I could provide one example from my experience (Andersen had a small role in Class relations (1984)). Quite often the acting in their movies is, you might say, peculiar by Hollywood standards, or you could say Brechtian, as they have. There’s actually a quotation from Brecht in their films about the acting style. Something to the effect that the actor should tell the truth, he’s quoting. I recall one time when we were working on Class Relations, in 1983, Danièle said to us as we were working on a scene: “Don’t try to act until you have the lines in your blood.” I think all actors should follow this rule. It would prevent a lot of bad acting. But actors begin to act before they know the lines, so they get into bad habits, which repeat and repreduce themselves when they deliver the lines.


Question: Can I ask Thom about his experience in working with the pair? How many takes did you do?

Andersen: Twenty

Question: And what did they tell you between takes?

Andersen: Oh, Danièle said: “Don’t be lazy with your eyes.” That’s all I can remember. In your film, they said something about Christian Heinisch, the star of Class Relations, this young kid who was extremely bright, and because he’s been working with them for so long on this movie, three months or so, he understood what they were doing really well. Don’t they say he was the only actor they ever worked with who knew how to look?
Another story may relate to something Pedro was saying. This was a big production for them, it was a very long shooting schedule, three months or something. Most of the film was shot in Hamburg, but at the end they made one trip to the US, with two or three of the actors and the crew. But the crew was only six or seven people. There were two sound people, a kind of line producer, the director of photography, his assistant, maybe two lighting guys.
But the whole film was made for $250.000, shot in 35mm black and white. They did 20 or 30 takes of each shot. So they said, “You know, in a way we’re the richest filmmakers in the world.” Because they had found a way of working which enabled them to do what needed to be done, to do as many takes as they thought were necessary, by simplifying other aspects of the production. It makes a difference: when you have a crew of six people, you can be a director; when you have a crew of a hundred, catering trucks and all this, you’re not really an artist, you’re a general commanding an army, which is a different kind of work. Not necessarily evil work, just different. And it was like a close-knit family, everybody went to dinner at the same restaurant, everyone stayed at the same hotel and drank in the hotel bar after dinner. Well, Danièle and Jean-Marie didn’t hang out in the bar. They would edit.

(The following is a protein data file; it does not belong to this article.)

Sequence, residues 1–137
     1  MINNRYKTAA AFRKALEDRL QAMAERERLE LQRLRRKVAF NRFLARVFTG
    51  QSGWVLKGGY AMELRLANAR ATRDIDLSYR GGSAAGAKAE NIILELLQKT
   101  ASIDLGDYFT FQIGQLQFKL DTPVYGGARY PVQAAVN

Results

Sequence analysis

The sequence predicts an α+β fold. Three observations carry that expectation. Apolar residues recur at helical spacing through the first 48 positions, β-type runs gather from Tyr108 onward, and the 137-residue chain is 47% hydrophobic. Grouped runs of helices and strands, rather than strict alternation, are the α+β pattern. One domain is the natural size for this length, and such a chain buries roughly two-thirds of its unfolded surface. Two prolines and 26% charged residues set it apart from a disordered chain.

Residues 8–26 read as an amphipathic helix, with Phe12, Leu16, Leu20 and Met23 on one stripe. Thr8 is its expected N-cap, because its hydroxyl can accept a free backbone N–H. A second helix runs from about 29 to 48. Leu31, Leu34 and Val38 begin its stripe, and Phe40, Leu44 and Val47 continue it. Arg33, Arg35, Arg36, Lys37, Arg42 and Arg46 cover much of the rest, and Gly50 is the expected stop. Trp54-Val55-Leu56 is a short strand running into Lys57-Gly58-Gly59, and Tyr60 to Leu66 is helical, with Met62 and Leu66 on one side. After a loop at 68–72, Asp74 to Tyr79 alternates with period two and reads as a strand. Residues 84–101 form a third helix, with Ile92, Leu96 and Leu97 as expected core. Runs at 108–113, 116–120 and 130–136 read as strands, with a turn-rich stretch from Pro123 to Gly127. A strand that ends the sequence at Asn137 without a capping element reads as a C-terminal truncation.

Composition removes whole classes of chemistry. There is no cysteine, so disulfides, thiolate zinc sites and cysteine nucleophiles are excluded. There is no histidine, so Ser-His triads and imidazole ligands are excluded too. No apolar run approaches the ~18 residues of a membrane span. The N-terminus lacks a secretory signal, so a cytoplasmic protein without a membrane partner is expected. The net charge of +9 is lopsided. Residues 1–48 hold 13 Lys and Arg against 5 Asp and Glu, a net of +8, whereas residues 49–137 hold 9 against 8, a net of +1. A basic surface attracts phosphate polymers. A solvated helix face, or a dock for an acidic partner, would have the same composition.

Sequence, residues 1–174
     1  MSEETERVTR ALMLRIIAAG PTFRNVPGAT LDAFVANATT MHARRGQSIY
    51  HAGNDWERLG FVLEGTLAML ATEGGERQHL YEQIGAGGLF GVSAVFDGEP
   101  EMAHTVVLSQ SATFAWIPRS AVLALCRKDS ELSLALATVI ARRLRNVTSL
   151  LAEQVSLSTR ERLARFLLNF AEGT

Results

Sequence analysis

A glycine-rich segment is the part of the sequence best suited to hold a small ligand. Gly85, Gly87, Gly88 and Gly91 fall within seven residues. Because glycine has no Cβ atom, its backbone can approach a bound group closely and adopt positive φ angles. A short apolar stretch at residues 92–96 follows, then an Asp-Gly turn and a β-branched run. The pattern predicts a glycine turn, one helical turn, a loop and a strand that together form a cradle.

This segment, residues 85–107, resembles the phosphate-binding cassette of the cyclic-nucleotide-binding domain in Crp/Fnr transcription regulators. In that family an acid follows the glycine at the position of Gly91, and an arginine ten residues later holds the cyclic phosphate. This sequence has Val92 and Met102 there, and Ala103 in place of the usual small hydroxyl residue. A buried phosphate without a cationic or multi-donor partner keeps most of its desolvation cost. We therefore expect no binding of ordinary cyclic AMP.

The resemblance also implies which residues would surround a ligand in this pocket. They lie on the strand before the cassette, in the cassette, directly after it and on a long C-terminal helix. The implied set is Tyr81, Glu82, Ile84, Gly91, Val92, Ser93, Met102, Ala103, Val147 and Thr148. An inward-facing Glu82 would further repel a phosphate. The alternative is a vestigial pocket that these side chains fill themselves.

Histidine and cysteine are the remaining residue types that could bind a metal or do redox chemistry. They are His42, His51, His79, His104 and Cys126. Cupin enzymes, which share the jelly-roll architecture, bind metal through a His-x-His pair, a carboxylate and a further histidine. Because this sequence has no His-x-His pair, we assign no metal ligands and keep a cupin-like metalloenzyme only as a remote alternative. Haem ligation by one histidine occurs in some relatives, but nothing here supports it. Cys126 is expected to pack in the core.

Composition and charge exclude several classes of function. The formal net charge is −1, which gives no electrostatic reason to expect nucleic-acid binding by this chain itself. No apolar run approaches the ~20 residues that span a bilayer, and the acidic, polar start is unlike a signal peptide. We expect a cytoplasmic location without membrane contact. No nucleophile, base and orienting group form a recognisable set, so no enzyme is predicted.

What else can I say? Oh, one thing: you can make what you will of it, but I was impressed. I came a little earlier than was necessary for the scenes that I was involved in, and I watched them film for a while. There was this one location, and they filmed for the day with the actors and the crew. It happened to be the last day at this location, and everybody left (for the day), all the actors and the whole crew, but they stayed behind to clean up: they actually got down on their hands and knees and swabbed the floor of the location where they were working, so the place would be left the way they found it. So while everyone else was going out to dinner, they were doing the work that on any other movie would be done by the lowliest members of the crew.

Costa: Jean-Marie also said to me that his work as a director was much more about picking up cigarette butts than directing actors.

Question: You mentioned that in some ways you made this movie in response to a certain strain of criticism, both in France and America. Not being familiar with that body of literature, I was wondering if you could talk about that body of criticism?

Costa: go to your library.

Andersen: If you read French.

Costa: There was a moment, when I was 20 or so, there were two main forces for a person who liked cinema: Godard and Straub. And it was a very strong moment. In my case, when I saw the films, I was much closer to Straub than Godard. I still am. For me they are much closer to my beliefs on sensuality, violence, or tenderness. Perhaps it’s just really that there’s something more crude and raw, without camouflage, you know. That was what I liked about Straub. Actions to me found correspondence in Straub, not in Godard. Godard seemed very old to me, suddenly, when I saw all of Straub’s films. They were the fastest, the most furious, the most beautiful, sensual, ancient, modern. There was no doubt for me. The problem was convincing the others.